Google Slides Update Adds Link Inserting and Subscript Text

Google’s efforts to continue to improve the suite of Google Docs apps continues as the inch ever closer to being on par with Microsoft Office.  The latest update is to Google Slides, the presentation app for Android, with the addition of some more advanced editing features as well as bug fixes and improvements. The update is build 1.2.452.11.30 for those keeping score at home and is rolling out now to the Google Play Store. If you have Google Slides installed already, you should see the OTA update for it in the next few days.

If you missed it, I did a four part series on my migration from Microsoft Office to Google Docs for my day-to-day work. At the time of those posts, Google Slides was already powerful and very close to being on par with PowerPoint.  That gap is now closed further with this update.

My Migration to Google Docs Part 1 – The Setup

My Migration to Google Docs Part 2 – Google Docs on All The Toys

My Migration to Google Docs Part 3 – Between the Google Sheets

My Migration to Google Docs Part 4 – Sliding to Google Slides

While I said in the first part of this series that this migration isn’t for everyone, I do encourage to give the Google Docs suite a try. I think you will find that they can accomplish 95% of everything you need in these apps (save you power Excel types).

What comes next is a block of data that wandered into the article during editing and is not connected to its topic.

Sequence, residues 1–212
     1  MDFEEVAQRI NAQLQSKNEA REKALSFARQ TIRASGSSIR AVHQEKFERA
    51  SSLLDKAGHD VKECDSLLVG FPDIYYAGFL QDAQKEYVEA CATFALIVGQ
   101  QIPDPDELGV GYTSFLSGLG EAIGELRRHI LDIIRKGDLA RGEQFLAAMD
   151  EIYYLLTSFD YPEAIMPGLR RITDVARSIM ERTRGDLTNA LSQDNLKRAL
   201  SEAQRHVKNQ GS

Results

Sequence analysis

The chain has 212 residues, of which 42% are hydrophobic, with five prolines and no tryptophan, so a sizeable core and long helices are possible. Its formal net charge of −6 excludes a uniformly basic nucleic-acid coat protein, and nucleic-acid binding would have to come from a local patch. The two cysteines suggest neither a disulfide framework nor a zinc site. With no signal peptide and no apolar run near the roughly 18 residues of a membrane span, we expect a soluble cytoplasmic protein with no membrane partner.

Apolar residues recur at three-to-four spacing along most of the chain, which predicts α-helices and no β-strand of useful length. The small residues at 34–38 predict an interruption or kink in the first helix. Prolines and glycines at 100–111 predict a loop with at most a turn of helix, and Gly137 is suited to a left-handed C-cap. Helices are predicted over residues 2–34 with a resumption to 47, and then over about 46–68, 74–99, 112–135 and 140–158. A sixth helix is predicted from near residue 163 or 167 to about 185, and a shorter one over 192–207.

Google Slides for Android – Free – Download Now

The update to Google Slides adds the ability for you to insert a hyperlink into a slide easily with a tap of the + icon

Google Slides on Android
Google Slides on Android

from the editing menu. When you select a font, you can now add subscript or superscript text to a slide or bit of text.

Finally, as you would expect, there are bug fixes and performance improvements in this build of Google Slides so even if these other new features are not all that exciting to you, the update is worth picking up.

Finally, as a reminder to those thinking of moving to Google Docs, any file you create does not count against your Google Drive store (while PowerPoint and other Office files do) and you can easily convert Google Doc files to Microsoft formatted files for those who don’t use Google Docs.

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